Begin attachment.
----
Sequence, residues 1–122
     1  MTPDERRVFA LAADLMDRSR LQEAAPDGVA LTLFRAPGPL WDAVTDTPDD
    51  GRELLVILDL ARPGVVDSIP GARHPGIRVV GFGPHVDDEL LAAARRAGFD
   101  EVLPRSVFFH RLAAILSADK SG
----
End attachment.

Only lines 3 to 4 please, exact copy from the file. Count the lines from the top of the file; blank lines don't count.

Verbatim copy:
    51  GRELLVILDL ARPGVVDSIP GARHPGIRVV GFGPHVDDEL LAAARRAGFD
   101  EVLPRSVFFH RLAAILSADK SG